Way to Go

Party Cities

by Pavia Rosati
Feria Photo by Ben Schott.
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Our heads have been in the clouds and at the beach. This week, we’re heading to cities in celebration mode:

  • Seville for Feria de Abril
  • Austin to feed on SXSW
  • Sydney for the lights and sounds of Vivid.

The Fairest of Them All

It’s one of the greatest parties in the world, and I bet you’ve never heard of it.

You’re not the only one. Until I was invited to attend last year, I didn’t know a thing about Feria de Abril, the spring festival that sees the gorgeous city of Seville explode into a giant, weeklong celebration of dancing, drinking, and horses.

What began as a three-day livestock fair (“feria”) in 1846 occurs one or two weeks after Easter — this year fromApril 14-20 — in several cities in Spain, primarily in Andalusia and most famously in Seville.
Feria begins and ends in an explosion of light, starting on Saturday at midnight with the alumbrao, when thousands of overhead string lights are switched on to the happy cheers of the crowds, and ending with los fuegos, a riot of fireworks the following Saturday, also at midnight.  

While the whole town gets in on the action, the main event is concentrated in Los Remedios, the neighborhood on the southern end of the city near Parque de los Príncipes, in a fairground-sized area that sits empty the rest of the year. The streets, four blocks by seven blocks named after famous bullfighters, are lined with more than a thousand casetas (“little houses”), most of them privately owned by families and organizations, a few open to the public, like Caseta del Turista.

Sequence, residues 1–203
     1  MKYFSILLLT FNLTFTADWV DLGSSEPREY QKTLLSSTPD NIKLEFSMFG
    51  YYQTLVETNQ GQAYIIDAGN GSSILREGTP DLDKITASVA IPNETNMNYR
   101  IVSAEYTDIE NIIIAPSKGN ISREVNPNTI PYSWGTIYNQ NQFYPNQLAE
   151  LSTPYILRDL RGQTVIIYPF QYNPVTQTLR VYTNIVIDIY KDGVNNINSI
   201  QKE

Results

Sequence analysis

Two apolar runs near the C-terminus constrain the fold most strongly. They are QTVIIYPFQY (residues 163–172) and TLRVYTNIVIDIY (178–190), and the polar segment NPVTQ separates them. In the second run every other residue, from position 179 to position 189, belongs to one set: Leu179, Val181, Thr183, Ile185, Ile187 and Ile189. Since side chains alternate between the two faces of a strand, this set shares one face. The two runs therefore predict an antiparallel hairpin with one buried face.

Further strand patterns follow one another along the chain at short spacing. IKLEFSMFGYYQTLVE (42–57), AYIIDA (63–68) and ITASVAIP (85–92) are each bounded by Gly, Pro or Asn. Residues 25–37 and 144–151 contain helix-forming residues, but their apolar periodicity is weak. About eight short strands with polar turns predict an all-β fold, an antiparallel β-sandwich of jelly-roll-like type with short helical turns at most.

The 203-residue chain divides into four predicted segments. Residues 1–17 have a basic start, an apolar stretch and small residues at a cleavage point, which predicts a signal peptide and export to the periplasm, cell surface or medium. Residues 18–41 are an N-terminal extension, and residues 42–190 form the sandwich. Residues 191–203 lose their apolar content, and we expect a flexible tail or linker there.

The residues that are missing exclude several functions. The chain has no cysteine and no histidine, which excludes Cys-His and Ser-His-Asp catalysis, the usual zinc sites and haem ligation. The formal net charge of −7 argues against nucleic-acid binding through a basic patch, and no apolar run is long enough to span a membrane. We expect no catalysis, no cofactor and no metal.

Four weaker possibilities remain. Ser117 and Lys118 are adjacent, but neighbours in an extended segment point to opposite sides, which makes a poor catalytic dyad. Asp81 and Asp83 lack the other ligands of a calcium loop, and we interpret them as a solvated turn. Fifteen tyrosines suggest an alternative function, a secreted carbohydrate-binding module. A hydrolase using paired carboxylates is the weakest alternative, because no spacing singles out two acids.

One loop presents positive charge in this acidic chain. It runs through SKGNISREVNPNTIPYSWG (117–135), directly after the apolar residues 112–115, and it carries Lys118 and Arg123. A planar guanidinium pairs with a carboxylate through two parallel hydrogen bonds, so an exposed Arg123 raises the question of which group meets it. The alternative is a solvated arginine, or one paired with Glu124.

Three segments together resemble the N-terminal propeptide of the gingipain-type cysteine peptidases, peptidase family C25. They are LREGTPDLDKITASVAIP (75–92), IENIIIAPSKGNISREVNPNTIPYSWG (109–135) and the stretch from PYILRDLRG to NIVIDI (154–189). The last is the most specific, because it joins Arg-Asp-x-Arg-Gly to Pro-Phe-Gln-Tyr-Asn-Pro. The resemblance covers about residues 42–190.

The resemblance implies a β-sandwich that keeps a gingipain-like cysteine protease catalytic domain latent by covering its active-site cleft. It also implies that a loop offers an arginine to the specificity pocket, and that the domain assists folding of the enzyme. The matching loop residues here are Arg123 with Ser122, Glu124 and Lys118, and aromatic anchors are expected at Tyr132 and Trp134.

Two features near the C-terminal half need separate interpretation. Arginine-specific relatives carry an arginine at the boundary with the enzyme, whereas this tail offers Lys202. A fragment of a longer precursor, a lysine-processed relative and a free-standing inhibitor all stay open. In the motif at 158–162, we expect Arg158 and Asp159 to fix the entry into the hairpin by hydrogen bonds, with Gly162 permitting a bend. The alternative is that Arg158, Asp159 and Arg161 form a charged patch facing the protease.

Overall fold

Casetas have a similar style — red or green striped awnings and a marquee on the outside; tables, chairs, and dance floor within. Prizes are given to the best-looking caseta, and competition is fierce. It’s easy to peek into the casetas because they open onto the street, though entry is limited to invited guests who are there to eat pescaíto frito (fried fish), drink rebujito (manzanilla or fino and 7Up), sing along with the band, and dance the elaborately choreographed sevillana.

But this being Spain and the participants being Spanish, the eating, drinking, singing, and dancing aren’t confined to the casetas. The action spill onto the streets in a giant, rambunctious, infectious, day-into-night block party filled with people of all ages, from babies to great-grandparents. The crowd is mostly local, but as a visitor I felt totally welcome. I went to Feria three days in a row — twice as a caseta guest, once to soak up more of the atmosphere. I couldn’t get enough. (These photos will show you why.)

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We make every effort to ensure the information in our articles is accurate at the time of publication. But the world moves fast, and even we double-check important details before hitting the road.